'What Makes Something Moral?'
CAERS SUBSTACK ARTICLE #28
‘WHAT MAKES SOMETHING MORAL?’
CAERS SUBSTACK ARTICLE #28
Is a knife good or bad? Are hierarchies intrinsically immoral? If ‘knowledge is power’, does that mean that both are desirable goals?
If you have seen someone stabbed with a knife, it will skew your view of knives toward being morally bad. Of course, if you have had a cancer removed by a surgeon using a specialized knife called a scalpel, you might feel very differently. It’s easy to think that ‘things’, such as hierarchies, you have seen used for good are therefore morally good, and things you have seen used for bad are morally bad. But do ‘things’ have moral content?
Throughout the universe hierarchies exist. Stars provide energy to planets, not the other way around. Their relationship is not symmetrical; at the level of energy transfer, there is a hierarchy. It may unnerve us that hierarchies exist in nature, but the truth of the matter is that the food chain is pyramidal not flat, and not every living thing is at the top of the pyramid.
There is no intrinsic meanness in the dance between the stars and the planets, nor in the give and take of ecosystems, because no intentions or motivations, malicious or otherwise, can be ascribed to suns, planets, whales and plankton. The nature of our sun is to give energy, and the nature of earth is to accept it. The nature of whales is to feed off plankton, and the nature of plankton is to be fodder for whales. They do not ‘know’ otherwise.
Humans appear to be different. With our high level of consciousness, including self- consciousness, and ability to reason, we can know more; we are imbued with a conscience. With the help of our mirror neurons and our tremendous ability to communicate we can understand others and care for them. We have the ability to know and appreciate when we are helping others or harming them, and they do as well. Morality centres on this reality: not only can we differentiate help from harm, we can also consciously choose to do one not the other.
A knife is neither good nor bad, it is the choice we make in how we use it on our fellow humans that dictates the morality. Any hierarchical system can be used for good or bad actions at our discretion. In other words, morality resides in our actions, not in the things we utilize to carry out those actions. Knowledge and power are the same in that respect; intention and motivation define the ethical elements of their use. My mechanic has a hierarchical advantage over me when it comes to the knowledge and ability to fix my car, and that can be used to help me or harm me depending on what my mechanic chooses. The same holds true for me with respect to my patients, as it does for political power and those who wield it.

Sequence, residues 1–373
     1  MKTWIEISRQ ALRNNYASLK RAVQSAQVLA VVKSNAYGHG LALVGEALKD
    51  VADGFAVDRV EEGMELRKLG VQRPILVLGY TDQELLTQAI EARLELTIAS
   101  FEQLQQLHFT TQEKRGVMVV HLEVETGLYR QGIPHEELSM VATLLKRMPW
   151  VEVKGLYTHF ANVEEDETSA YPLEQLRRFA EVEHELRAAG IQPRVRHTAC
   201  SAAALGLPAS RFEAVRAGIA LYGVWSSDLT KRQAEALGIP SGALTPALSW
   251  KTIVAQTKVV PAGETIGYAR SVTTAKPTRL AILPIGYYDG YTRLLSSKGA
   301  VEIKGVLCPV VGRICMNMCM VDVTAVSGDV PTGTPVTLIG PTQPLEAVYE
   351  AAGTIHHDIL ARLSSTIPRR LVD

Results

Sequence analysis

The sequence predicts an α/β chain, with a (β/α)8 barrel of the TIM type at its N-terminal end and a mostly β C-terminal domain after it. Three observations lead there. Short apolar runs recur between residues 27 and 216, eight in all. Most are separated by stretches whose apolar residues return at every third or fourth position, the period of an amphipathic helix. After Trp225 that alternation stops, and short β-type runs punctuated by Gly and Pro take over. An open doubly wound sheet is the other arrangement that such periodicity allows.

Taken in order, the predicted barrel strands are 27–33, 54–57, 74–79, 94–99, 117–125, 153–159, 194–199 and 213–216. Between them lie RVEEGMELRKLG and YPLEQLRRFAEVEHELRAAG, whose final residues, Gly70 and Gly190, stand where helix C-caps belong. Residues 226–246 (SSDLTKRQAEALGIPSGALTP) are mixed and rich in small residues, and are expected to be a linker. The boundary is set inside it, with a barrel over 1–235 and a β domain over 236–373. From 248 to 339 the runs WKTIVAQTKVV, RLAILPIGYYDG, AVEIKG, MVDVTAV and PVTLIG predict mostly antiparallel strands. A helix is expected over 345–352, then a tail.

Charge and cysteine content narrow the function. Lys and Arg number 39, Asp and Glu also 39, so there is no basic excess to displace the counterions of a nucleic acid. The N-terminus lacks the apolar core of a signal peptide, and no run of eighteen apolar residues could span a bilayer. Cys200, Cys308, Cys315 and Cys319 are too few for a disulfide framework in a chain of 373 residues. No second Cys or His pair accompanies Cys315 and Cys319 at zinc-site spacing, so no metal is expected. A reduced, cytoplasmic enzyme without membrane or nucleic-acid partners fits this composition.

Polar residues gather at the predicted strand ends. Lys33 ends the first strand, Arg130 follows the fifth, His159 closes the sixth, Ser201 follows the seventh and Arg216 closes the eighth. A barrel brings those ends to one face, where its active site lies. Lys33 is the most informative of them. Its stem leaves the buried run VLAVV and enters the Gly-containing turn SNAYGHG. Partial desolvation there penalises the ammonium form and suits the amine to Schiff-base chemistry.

How we use things matters a lot. That includes political power, mandates, money, influence, to name a few. When we use things in a way that has the potential to harm other people, morality dictates that we respect those people in the process of utilizing things by ‘doing unto others as you would have them do unto you’. When we don’t, it is too easy to utilize things that may seem beneficial or at least harmless in a way that in fact does cause damage, with or without intent to do so. Although we all have different talents and gifts that lie along a hierarchical spectrum, we must remember that our fellow humans are not ‘things’ and should never be treated in a hierarchical fashion, using them as a means to an end for our benefit primarily.
Have we seen evidence during the pandemic of things like power and mandates being used that could have or indeed did harm others? Did we try to understand beforehand that that was possible and try to minimize it? Did we involve those who might be harmed in the decision- making process? Did we monitor the harm and alter course or offer support or compensation for that harm as much as we could have?
Humans have a moral nature; the things we use do not. When we forget that, it is easy to get confused and think that we are morally blameless because we used something ‘good’. Any action, no matter how seemingly trivial, could have a moral aspect to it and reflecting on that before we act is almost always a good idea. And remembering that humans are not ‘things’ to be used as we choose should be our starting point.
J. Barry Engelhardt MD (retired) MHSc (bioethics)
CAERS Health Intake Facilitator
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